Taking Smallpox Vaccination to the World
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Vaccination has been around for some time, but the idea of a global vaccine program such as eradicating polio seems modern. And yet, it isn't. Over two centuries ago, when Edward Jenner invented the vaccine to protect against the deadly smallpox using cowpox, a related virus, Spain wanted to bring the vaccine to its colonies. That sparked a multi-country vaccination effort.

It was a novel idea at a time when people did not understand germ theory or how vaccination worked. First, they needed cowpox which was mostly in England. They were using the virus to activate an immune response to smallpox by taking the pus from the blister of someone infected with cowpox and scratching a healthy person's skin with it. Rather than try to ship infected cows, they decided use 22 orphan boys to be serially infected with cowpox to keep the virus alive during the long voyage to the Americas. In return, the Spanish crown agreed to pay for the boys' care and education until they were grown.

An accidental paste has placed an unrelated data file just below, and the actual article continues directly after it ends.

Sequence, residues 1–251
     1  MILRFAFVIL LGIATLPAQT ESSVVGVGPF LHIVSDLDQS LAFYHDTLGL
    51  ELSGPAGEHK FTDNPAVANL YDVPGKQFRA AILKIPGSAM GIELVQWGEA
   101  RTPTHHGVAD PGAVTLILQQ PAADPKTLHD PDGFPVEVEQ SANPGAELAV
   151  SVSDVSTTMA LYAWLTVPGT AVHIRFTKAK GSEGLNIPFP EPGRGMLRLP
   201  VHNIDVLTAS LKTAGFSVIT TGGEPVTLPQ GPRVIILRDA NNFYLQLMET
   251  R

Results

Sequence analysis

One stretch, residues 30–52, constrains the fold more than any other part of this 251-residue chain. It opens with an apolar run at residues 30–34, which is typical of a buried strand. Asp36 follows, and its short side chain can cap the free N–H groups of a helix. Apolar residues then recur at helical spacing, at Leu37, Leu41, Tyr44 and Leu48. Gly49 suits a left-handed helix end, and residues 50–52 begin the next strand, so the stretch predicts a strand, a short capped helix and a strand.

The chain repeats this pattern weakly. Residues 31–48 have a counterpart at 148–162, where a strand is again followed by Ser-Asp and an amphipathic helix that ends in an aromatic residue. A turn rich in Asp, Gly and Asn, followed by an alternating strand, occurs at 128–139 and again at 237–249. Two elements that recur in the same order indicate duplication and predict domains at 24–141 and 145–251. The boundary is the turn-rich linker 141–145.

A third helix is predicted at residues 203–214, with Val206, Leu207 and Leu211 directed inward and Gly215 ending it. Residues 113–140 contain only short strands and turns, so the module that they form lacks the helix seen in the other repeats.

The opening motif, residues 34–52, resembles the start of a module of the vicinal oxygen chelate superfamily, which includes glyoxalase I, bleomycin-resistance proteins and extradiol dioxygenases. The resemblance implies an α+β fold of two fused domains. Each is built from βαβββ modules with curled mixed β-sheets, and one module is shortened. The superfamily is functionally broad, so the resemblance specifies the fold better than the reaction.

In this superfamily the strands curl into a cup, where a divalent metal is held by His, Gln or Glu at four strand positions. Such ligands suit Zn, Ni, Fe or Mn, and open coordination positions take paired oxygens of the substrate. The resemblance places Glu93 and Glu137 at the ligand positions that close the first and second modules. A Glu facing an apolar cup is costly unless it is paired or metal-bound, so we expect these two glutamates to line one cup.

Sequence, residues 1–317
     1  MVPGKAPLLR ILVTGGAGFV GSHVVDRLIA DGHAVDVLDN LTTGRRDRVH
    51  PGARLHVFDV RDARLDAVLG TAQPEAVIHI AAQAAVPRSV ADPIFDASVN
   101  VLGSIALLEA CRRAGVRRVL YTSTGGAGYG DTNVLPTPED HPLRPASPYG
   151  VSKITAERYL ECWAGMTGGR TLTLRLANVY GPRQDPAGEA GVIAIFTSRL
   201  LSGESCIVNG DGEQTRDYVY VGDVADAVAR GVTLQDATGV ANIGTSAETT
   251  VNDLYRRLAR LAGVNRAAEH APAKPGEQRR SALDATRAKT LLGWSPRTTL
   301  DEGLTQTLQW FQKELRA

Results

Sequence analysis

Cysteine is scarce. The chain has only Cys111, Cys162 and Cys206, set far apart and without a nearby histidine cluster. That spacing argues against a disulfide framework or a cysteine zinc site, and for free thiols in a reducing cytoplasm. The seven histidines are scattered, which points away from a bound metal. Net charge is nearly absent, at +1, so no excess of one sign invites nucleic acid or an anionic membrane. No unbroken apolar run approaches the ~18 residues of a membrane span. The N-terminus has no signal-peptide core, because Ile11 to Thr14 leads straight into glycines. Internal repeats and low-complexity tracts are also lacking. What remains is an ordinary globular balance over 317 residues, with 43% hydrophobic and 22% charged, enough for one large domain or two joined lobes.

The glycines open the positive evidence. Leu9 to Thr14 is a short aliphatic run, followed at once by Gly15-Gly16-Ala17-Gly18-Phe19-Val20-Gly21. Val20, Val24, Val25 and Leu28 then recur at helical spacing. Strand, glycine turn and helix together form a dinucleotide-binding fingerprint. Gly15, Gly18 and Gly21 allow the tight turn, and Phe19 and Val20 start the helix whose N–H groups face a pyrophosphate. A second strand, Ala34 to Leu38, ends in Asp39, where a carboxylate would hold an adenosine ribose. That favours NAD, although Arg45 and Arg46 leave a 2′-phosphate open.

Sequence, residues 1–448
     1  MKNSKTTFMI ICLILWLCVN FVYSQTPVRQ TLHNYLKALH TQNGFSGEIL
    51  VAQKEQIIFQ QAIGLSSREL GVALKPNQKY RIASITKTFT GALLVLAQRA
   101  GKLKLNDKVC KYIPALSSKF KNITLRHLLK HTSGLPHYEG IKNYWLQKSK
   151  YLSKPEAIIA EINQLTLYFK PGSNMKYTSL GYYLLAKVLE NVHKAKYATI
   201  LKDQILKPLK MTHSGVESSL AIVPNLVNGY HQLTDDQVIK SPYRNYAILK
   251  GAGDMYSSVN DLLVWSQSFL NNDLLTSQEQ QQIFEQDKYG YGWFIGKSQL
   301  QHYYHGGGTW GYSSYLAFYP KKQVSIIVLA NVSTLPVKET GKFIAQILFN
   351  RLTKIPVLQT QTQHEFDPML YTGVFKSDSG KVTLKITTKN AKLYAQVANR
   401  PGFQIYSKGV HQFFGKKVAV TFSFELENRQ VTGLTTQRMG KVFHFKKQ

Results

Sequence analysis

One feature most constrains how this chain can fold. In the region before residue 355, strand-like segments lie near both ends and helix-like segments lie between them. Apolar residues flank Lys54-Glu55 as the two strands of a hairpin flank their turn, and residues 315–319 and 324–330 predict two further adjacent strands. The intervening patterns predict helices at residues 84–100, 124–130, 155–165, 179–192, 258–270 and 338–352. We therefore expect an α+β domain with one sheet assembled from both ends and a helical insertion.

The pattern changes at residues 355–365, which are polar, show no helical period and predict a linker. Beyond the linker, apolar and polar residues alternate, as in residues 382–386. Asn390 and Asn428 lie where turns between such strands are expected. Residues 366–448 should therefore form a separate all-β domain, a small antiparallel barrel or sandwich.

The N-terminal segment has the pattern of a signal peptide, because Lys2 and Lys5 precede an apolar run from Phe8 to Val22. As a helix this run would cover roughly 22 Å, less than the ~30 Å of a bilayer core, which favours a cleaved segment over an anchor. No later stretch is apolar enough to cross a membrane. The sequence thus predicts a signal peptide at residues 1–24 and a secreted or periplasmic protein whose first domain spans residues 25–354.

By the time they finished in Cuba, Mexico, its Asian colonies, and its South American colonies such as Venezuela, Colombia, Peru, Ecuador, and Bolivia, they had vaccinated between one hundred to one hundred fifty thousand people. This early global public health vaccination campaign saved many lives.

It's a reminder of the value of vaccines and the responsibility of rich nations to help less resourced nations access lifesaving medicines.

For more information…

The First Global Vaccination Expedition Set Sail in 1803
A brave doctor and a group of orphans embarked on a voyage to save the world from smallpox...

CDC: What is Smallpox?
Before smallpox was eradicated, it was a serious infectious disease caused by the variola virus. It was contagious-meaning, it spread from one person to another. People who had smallpox had a fever and a distinctive, progressive skin rash...